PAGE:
This post was written two weeks ago, but it was so traumatic that I just got up the courage to post it…
Today I had a run-in with another kind of island critter.
I’ve written about living with “island roommates” before, and after today’s encounter, I appreciate my lizard companions even more. Just this evening, I counted three lizards (what appeared to be two “young-un’s” and one adult) in our bedroom, and I named them Lisa, Louie, and Lamar. And though finding lizard poop next to your bed or on your bathroom sink is annoying, I’ll take that any day over what I had to deal with this afternoon….
One of the apartments in our six-unit building is vacant, and our landlord agreed to let our friends stay there for a week, in turn for me doing the “move-out” clean from the previous tenants. So while I was cleaning the vacant apartment, I did what any good, anal retentive cleaner would do. I moved the furniture to clean behind it. No big deal – just the usual dust bunnies, a pair of forgotten slippers behind the bed, that sort of thing. Until I moved the couch. When I pulled back the thick, fluffy sofa, there on the wall, looking like he owned the place, was a type of critter that I’d read about but (thankfully) had not yet seen. The Island Tarantula!!!
Everything that I’ve read online (yes, that’s my reference guide) says they’re not aggressive and not poisonous. But I. Don’t. Care. This thing was HUGE. He was almost as big as my hand – not the kind of spider I would even dream of trying to squash with my measly little flip-flop. And there he was, just a few feet away from me, looking quite annoyed that I’d invaded his home. So I did what any sane person would do. I ran into the next room, where I was out of jumping or scampering range but could still keep an eye on him, and called my spouse to rescue me.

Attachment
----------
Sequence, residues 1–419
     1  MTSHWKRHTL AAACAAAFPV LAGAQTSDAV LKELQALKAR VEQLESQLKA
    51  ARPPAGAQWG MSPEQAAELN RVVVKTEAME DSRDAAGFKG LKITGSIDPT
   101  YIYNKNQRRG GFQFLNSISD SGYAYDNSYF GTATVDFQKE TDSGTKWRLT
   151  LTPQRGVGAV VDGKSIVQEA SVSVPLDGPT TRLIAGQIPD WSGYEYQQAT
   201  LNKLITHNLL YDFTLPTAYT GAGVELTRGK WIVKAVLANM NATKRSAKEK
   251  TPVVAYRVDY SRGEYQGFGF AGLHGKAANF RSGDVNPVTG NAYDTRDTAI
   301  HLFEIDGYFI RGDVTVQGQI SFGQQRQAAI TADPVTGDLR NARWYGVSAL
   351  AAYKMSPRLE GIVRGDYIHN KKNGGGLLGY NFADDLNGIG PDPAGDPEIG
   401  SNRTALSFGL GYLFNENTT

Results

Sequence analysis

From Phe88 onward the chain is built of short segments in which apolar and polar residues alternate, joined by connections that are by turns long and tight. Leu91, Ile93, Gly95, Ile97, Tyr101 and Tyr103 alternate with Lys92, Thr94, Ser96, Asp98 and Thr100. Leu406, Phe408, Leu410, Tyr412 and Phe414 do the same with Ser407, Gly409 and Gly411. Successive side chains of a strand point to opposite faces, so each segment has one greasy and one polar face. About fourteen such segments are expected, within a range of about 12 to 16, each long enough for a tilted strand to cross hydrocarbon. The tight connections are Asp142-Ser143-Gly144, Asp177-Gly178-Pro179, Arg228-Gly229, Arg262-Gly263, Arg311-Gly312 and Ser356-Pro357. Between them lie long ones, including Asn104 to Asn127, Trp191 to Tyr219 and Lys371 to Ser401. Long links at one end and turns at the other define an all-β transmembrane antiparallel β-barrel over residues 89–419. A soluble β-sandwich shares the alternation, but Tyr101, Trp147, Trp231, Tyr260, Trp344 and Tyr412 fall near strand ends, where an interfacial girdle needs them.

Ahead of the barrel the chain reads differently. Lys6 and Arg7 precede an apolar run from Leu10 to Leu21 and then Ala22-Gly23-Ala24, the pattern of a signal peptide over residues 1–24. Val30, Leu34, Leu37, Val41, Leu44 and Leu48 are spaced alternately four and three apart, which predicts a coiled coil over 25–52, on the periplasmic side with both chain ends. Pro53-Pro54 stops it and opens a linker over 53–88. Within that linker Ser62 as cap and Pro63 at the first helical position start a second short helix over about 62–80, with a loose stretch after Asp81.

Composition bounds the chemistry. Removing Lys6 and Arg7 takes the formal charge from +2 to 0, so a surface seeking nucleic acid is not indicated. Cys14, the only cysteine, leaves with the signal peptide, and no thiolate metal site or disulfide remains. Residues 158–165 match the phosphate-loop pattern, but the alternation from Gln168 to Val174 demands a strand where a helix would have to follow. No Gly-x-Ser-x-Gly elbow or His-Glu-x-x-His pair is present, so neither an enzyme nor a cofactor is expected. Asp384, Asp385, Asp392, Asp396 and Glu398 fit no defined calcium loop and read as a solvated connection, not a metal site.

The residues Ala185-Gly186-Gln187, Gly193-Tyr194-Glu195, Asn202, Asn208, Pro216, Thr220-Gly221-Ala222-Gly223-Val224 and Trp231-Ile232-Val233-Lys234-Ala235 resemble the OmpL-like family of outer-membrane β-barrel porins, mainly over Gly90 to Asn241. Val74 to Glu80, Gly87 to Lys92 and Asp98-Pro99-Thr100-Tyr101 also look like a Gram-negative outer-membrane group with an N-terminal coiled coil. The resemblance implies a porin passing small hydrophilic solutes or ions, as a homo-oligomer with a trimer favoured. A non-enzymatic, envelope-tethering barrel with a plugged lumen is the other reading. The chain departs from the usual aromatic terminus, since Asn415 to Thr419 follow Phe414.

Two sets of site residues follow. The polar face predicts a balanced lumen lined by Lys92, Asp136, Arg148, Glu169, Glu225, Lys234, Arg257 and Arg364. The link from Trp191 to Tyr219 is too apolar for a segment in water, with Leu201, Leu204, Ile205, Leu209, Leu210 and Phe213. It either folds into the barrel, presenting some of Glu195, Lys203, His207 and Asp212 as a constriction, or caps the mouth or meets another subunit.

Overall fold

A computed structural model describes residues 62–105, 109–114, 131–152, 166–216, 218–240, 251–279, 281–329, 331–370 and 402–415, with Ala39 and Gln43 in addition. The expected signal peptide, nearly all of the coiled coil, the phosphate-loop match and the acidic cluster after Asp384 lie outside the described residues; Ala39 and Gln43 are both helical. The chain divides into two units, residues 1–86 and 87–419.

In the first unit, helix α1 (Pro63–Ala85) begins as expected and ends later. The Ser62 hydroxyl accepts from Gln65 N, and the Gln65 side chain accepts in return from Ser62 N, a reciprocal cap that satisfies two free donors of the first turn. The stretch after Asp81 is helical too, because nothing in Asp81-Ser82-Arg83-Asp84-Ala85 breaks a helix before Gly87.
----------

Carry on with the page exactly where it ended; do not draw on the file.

Now, Bill won’t admit it, but he’s just as big of an arachnophobe as I am. But I begged him to come down to the vacant apartment and help me deal with a “spider issue.” (If I’d told him that said spider was a tarantula, he would have never ventured below our floor again.) Not realizing the severity of the situation and the panic attack I was about to have, he took his own sweet time, but he eventually came to my rescue.
His first idea was to suck the salad-plate size critter up with a vacuum cleaner, but he decided that a) he didn’t want to kill it (who knew Bill was a Buddhist?), b) it was bigger than the vacuum hose nozzle and probably won’t work anyway, and c) although he didn’t say it, I could tell by the look on his face that he knew if that spider was in the vacuum cleaner, HE would be the one having to empty the dust container later that evening.
So he used a broom and a mop bucket to corral it and take it outside. And he didn’t kill the damn thing!!! OK, I’m sorry. I know I should respect life and all living things have their place, and blah blah blah. But this thing was HUGE and UGLY and SCARY and I’ll probably never step foot in that apartment again!!! Because, what if he’s pissed that we kicked him out of his home. A homeless, dislocated, vindictive island tarantula is NOT something I want to encounter.
So I finished cleaning with my heart pounding and my limbs shaking. (I lost at least five pounds through sweat after that.) And I’m saying a little prayer for our friends Kimberly and Alain and their family that our latest “friend” won’t try to get back into his former domicile. But if he does, I can take some comfort in knowing that they’re the type of people who would appreciate him. Heck, they would probably capture him, let him die or kill him in some semi-humane way, and use him for a science project or an insect collection. So at least some good could come out of this for someone.
And as long as I don’t have to witness or participate, I’m ok with that.
Update: Kimberly, Alain and the kids stayed in that apartment for a full week, and as far as I know, they didn’t have any encounters with “roommates,” either four-legged or eight-legged. Although I’m still on the lookout for an irritated spider who’s looking for revenge.